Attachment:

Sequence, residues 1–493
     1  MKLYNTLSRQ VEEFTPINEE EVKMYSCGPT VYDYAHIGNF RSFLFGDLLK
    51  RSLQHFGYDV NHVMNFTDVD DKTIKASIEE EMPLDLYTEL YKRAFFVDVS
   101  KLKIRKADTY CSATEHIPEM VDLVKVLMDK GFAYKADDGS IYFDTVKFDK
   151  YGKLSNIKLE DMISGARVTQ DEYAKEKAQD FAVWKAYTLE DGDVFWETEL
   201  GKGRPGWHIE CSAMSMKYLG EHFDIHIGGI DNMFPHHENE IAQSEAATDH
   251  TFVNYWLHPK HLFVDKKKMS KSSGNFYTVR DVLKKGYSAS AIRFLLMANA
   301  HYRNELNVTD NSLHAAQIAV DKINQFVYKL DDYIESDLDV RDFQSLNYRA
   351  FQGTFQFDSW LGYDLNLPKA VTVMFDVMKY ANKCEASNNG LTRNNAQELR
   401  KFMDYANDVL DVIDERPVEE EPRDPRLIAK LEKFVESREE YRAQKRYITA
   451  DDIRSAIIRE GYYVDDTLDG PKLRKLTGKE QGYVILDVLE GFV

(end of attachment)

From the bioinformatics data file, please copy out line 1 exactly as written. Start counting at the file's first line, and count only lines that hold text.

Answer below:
Sequence, residues 1–493